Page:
Fish and Aquatic Conservation

illustration of a Blueback herring

Blueback herring

Alosa aestivalis (Mitchill, 1814)

Cool Facts

A The oldest age reported for blueback herring is 8 years. The heaviest reported weight for blueback herring is 200 g (0.44 lbs.)

SIZE: The common length for blueback herring is 27.5 cm (11 inches) with the maximum reported length being 40 cm (15.7 inches).

RANGE: The range of Blueback herring extends from the lower parts of Cape Breton rivers in Nova Scotia, Canada and south to the St. John’s River in Florida.

HABITAT: Blueback herring spawn in brackish water or fresh water rivers. Their eggs are essentially pelagic in still water. Blueback herring larvae are found in fresh and brackish rivers. Juvenile blueback herring leave fresh and brackish nursery grounds when they are about 5 cm (2 inches) long before they begin to migrate out to sea.

DIET: Blueback herring feed on small fishes, copepods, and small shrimps.

Natural History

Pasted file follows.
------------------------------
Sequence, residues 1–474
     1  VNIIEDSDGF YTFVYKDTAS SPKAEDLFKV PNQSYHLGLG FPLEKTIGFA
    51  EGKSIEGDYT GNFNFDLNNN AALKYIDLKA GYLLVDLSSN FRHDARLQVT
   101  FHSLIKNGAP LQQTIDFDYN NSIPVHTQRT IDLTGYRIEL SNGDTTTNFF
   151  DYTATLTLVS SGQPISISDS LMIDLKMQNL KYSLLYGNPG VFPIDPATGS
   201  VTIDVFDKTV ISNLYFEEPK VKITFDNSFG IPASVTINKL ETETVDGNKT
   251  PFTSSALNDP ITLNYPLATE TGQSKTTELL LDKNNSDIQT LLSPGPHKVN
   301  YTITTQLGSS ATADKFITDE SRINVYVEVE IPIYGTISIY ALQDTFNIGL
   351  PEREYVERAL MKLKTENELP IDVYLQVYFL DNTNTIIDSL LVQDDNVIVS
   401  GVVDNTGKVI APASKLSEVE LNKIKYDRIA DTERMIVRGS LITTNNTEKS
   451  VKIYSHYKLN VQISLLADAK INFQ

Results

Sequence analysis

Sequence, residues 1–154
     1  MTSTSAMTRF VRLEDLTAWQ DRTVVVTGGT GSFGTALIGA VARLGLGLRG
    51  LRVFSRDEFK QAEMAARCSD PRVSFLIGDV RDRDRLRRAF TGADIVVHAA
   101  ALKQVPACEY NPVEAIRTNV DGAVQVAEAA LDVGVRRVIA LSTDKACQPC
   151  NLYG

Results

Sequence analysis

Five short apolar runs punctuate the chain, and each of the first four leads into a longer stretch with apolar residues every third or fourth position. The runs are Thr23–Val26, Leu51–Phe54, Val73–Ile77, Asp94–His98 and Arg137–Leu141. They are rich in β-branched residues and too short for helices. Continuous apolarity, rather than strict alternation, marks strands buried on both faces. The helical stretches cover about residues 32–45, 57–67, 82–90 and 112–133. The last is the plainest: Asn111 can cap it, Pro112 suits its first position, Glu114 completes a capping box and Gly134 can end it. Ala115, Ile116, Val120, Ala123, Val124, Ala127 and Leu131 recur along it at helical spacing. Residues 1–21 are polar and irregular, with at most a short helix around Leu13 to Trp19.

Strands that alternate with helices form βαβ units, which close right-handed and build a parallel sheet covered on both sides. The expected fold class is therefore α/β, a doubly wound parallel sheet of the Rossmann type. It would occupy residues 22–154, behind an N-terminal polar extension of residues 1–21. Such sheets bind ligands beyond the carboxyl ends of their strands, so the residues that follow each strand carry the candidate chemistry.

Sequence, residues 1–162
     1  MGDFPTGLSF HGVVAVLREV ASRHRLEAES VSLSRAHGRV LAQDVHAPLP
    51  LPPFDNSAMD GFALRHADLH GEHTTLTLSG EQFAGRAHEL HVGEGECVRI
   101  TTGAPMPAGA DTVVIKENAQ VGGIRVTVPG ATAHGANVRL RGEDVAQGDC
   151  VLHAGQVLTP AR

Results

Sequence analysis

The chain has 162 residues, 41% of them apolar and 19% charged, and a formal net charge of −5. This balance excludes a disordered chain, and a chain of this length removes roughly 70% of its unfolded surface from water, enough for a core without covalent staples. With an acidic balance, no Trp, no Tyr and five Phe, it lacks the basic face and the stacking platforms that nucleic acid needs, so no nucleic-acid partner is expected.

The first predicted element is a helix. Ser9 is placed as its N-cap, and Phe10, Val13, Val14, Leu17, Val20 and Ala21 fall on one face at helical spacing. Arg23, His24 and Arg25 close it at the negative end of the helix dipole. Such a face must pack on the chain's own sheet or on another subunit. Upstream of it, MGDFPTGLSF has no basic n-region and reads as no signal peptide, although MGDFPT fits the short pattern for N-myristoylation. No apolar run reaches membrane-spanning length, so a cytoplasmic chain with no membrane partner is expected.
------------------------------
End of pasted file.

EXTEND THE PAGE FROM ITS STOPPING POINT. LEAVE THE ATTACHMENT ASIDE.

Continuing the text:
Blueback herring are an anadromous species which form schools along the coastline and then begin to approach the shore in late spring to enter freshwater to spawn. Spawning occurs in fast moving, shallow water in the main stem of river tributaries. Juvenile blueback herring normally remain in the same watershed throughout the summer and fall and then migrate to the sea.


Currently, a River Herring Conservation Plan is being developed and implemented for the management of alewife and blueback herring. The two species of herring are more commonly called “River Herring” by the Atlantic States Marine Fisheries Commission (ASMFC) and the National Marine Fisheries Service (NMFS).

NMFS through ASMFC and the U.S. Fish and Wildlife Service also provide funding to the Atlantic Salmon Federation and St Croix International Waterway Commission to continue river herring counts at the Milltown Dam fishway in the St. Croix watershed located in Maine.

Migration Behavior

Blueback herring are are a migratory species. Blueback herring and alewife are more commonly referred to as river herring along the Atlantic coast of the U.S. Blueback herring are born in fresh water and then migrate to the ocean for their adult lives and then return to fresh water to reproduce.